For many companies, implementing SharePoint for collaboration and sharing reflects not only their increasingly complex necessities in terms of flux of information, but also its development itinerary. The way one operates with information can simply give us clues for the value it haves for the organization’s members. The value of different types of information can be derived through the benefits and changes they can bring in the long term.
This brings us to the issue of newly implemented changes in SharePoint 2013, which directly impacts the way we operate with data. The impact which such changes have for the individual behavior sums up in time at the organizational level of behavior, redefining the organizations’ “modus operandi” and, later on, the development structure of the organization.
In order to illustrate this idea, let’s take a look on the recently SharePoint improved feature: Search.
SharePoint 2013 as Search Driven Application
Similarly to a simple web search engine, a business search-driven application can deliver us relevant insights about what people are interested in but, most of all, what people don’t know yet. Which is the bit of information we need to advance in our work, and – finally – to evolve.
Search not only indicates where we want to get, but also where we want to get within a set of limits – which, in the specific case of search verticals – it loosens all knowledge barriers – by making them accessible.
The new SharePoint Search facilitates an easier information juggling, faster access, better file organization and increased search relevancy. Moreover, this functionality can be used to transform SharePoint into a genuine “search pond”. Besides being a place for gathering, SharePoint 2013 becomes a “search-driven application”, having an impact company-wide.
Within this frame, using the existing SharePoint Search benefits we can create functionalities which can maximize results in three directions: data distribution, access and search.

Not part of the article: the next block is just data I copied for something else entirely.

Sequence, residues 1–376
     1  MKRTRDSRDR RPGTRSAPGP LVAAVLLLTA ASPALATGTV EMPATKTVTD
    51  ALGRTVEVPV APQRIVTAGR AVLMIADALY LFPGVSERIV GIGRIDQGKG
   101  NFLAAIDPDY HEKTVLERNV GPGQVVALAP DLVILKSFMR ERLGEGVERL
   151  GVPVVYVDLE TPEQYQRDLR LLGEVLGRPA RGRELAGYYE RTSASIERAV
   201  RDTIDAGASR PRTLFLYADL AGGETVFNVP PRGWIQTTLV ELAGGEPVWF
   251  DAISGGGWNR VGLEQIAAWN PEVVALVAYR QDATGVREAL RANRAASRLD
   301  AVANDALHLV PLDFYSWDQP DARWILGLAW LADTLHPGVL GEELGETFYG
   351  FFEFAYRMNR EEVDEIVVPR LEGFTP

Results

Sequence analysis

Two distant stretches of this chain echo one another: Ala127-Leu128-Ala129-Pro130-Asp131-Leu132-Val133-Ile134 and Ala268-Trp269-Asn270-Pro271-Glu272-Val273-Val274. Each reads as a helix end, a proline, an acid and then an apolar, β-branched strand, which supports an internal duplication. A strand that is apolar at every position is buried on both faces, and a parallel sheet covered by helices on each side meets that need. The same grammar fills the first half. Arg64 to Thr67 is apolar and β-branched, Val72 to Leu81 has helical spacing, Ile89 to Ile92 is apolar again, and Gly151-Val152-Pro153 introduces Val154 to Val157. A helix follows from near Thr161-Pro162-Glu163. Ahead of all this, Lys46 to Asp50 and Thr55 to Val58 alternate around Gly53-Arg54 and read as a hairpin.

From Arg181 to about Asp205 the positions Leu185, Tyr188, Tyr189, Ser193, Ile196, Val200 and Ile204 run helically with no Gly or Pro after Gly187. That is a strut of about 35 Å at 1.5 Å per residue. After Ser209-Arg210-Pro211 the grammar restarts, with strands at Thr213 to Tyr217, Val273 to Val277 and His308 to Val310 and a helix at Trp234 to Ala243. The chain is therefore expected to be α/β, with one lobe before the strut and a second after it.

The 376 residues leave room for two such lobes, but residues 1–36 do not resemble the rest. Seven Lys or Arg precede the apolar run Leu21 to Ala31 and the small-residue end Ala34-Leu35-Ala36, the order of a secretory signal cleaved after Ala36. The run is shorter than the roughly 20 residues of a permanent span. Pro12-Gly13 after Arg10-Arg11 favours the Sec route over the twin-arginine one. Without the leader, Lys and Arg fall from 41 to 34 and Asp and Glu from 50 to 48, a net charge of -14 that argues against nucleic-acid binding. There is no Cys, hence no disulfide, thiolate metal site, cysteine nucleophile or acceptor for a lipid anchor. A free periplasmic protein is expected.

To illustrate this idea, I’ll be using as an example a project to which Accesa contributed and which encapsulates all the attributes for a “search-driven application”. The problems we had to solve were:
• very difficult access to documents, which were organized on a folder-structure base;
• the inability to search through documents’ content;
• inappropriate document naming conventions, which were not relevant enough for an easier search.
What makes the SharePoint 2013 Search innovative is the Search Vertical function. Search Verticals allow organizations to map their processes and resources into search queries, enhancing document availability and organization. Also, Search Verticals provide a category-based search which can be customized for getting more relevant information.
The project was primarily a complex migration solution which involved creating a customized multi-level search. Thus, transforming the SharePoint site into a genuine search-driven application.
From the multi-level search perspective, the most important features of the project were:
• Introducing tags for better document organization and search;
• Easy information discovery enabling a user-friendly displaying mode;
• Mapping filters as search context;
• Using user-generated search context to increase search relevancy;
• Multi-dimensional data structure: search can be made by region, country, tag, author, file type, etc.
From the document migration perspective:
• Setting up the location of the uploaded documents (different departments, divisions, regions);
• Enabling additional information for each document (location, tag);
• Security-trimmed search results;
• The ability to upload content relevant to the filters specific to the search context;
• Facilitated knowledge sharing.
What these features can tell us about the evolution of organizations?
SharePoint is widely used in middle-weight and big companies. At a larger scale, every small improvement can have a big impact and give us clues about how we can project the future functionalities, considering the present functionalities.
• With reference to the usage of categories and tags – organizations are getting more and more complex.
• With reference to user-generated search contexts – beyond being knowledge-centered, organizations become memory-centered, valuing the contribution of each member so that search becomes easier – encouraging individual work and research.
• With reference to enabling data access from different locations – from the local SharePoint site – it encourages sharing information between people who are located in different areas of the world and transforming the available information of general interest. This could increase information transparency and initiative from the employees’ side.
• User friendly – user-centered – organizational search reveals us the value of the individual – where every bit of information is important and it is destined to be used at its maximum accordingly to each employee’s abilities.
The author: Cornelia Stan, Creative Consultant, Accesa – Cornelia is Accesa’s representative in matters of innovation and creativity, which are indispensable in the management of technological change. Also, her main interests consist in finding and spreading ideas which can ultimately drive a shift of perspective. E-mail address: firstname.lastname@example.org.
Accesa is corporate member of the German Outsourcing Association and contributes to the exchange of knoweldge and expertise within the German, Austraian, Swiss and European IT and business community.